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For example, if I wanted to describe something that had just happened but also happened to me on a recent camping trip. Would it be grammatically correct to say, "that happened to me on camping too"?

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    The same thing happened to me out camping.
    – user205876
    Commented Dec 22, 2020 at 3:57
  • No. Idiomatic are ('while' often being understood): 'that happened to us on vacation' / 'on our honeymoon' / 'on summer break' / 'on holiday' / 'on safari' / 'on trek' ( / 'on duty'). Commented Dec 22, 2020 at 16:00
  • No = "that happened to me when camping, too".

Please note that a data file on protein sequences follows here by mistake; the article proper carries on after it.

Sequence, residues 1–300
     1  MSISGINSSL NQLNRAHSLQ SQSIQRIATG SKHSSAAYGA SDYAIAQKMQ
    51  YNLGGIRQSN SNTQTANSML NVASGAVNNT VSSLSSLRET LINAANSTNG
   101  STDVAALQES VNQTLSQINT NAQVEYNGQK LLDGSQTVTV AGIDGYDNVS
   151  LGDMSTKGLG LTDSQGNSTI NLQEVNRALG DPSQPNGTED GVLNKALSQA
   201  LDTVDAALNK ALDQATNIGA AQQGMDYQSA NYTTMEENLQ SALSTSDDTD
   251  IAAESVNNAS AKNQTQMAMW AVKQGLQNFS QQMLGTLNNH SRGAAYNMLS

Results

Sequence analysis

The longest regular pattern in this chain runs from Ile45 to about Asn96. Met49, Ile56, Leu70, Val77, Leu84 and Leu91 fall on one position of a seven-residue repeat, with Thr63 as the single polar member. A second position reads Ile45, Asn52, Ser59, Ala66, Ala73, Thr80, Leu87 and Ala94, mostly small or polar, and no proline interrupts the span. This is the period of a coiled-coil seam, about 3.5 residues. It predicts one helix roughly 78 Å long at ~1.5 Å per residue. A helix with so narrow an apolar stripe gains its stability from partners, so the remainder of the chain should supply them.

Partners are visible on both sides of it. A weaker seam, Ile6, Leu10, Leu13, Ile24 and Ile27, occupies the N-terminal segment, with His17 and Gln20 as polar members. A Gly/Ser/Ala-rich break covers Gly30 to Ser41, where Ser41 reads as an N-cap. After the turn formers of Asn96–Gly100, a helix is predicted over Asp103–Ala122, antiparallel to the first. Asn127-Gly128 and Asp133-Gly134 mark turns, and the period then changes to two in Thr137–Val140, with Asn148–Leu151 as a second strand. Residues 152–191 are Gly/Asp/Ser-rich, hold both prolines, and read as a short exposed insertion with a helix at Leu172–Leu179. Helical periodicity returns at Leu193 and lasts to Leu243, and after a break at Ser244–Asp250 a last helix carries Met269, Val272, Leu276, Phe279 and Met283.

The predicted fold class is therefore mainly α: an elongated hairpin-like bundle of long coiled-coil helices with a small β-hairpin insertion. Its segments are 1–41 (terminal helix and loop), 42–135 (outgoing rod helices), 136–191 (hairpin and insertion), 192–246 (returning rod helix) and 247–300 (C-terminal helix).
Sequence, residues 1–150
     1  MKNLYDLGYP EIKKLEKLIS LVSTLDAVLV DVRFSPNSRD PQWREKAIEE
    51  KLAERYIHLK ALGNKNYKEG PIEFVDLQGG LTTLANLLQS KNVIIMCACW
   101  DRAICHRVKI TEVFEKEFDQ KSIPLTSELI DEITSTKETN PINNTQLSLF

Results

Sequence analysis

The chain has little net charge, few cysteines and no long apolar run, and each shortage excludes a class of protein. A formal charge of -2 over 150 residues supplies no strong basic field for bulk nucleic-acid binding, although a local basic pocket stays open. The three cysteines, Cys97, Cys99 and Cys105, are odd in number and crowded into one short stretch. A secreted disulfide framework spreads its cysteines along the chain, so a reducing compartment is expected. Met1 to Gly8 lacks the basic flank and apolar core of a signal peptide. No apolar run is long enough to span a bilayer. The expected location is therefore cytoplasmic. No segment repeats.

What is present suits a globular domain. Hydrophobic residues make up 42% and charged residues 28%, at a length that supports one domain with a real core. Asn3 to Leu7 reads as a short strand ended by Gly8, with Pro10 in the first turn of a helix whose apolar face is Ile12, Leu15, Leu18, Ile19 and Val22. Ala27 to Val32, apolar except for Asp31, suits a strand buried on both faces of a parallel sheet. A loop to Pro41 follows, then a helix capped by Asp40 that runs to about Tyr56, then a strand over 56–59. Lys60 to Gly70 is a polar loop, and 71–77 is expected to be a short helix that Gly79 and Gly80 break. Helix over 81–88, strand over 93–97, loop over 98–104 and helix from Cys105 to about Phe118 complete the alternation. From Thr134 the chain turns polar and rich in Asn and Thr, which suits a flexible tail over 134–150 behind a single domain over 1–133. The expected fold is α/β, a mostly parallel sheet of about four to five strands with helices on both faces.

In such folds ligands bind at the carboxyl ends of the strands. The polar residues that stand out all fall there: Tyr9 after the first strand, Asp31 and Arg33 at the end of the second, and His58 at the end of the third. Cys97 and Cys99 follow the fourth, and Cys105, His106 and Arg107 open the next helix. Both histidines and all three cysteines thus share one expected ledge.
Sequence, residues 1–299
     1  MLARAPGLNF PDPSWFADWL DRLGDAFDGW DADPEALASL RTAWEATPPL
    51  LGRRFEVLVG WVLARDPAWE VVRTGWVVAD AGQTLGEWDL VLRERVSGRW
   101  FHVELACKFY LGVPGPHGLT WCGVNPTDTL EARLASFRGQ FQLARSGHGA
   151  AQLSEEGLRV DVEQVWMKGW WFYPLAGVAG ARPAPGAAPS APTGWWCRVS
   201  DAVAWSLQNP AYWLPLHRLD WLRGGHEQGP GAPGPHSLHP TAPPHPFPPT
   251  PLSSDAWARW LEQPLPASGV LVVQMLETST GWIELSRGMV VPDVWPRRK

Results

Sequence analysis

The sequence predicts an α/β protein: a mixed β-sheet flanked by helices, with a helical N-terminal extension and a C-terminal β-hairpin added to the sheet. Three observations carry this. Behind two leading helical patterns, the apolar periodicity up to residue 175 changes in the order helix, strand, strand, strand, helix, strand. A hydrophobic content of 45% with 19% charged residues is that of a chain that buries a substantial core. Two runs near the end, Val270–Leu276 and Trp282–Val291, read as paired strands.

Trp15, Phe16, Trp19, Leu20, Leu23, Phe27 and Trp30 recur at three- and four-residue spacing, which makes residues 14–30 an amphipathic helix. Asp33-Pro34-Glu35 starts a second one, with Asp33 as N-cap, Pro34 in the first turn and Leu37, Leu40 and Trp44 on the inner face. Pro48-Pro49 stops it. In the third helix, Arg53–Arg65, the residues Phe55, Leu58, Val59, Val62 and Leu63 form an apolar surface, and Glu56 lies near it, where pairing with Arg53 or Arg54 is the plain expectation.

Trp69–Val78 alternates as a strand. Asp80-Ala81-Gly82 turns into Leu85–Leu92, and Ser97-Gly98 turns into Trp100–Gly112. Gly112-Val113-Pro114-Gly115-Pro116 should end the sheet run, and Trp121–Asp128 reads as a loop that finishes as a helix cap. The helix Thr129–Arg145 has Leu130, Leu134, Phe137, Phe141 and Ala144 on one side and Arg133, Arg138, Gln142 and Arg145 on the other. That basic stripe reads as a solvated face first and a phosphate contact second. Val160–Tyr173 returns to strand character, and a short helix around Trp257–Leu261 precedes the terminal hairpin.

– Greybeard
    Commented Dec 22, 2020 at 16:04

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I would use "while camping" here, e.g. "that happened to me while camping too".

Sometimes people will say something happened "on camp", or "at camp". To take an slightly dated pop culture example, one of the characters in the movie American Pie often tells anecdotes that start "this one time, at band camp, ...".

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  • Or "when camping". But not "on camping".
    – GEdgar
    Commented Dec 22, 2020 at 0:54
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    To be clear, “at camp” is different to “while camping”. “At camp” means while away at a camp like a summer camp, band camp, sea camp, etc. whereas “camping” just means out in the wilderness typically with a sleeping bag and tent- although some people extend that to include trailers and RVs.
    – Jim
    Commented Dec 22, 2020 at 3:00

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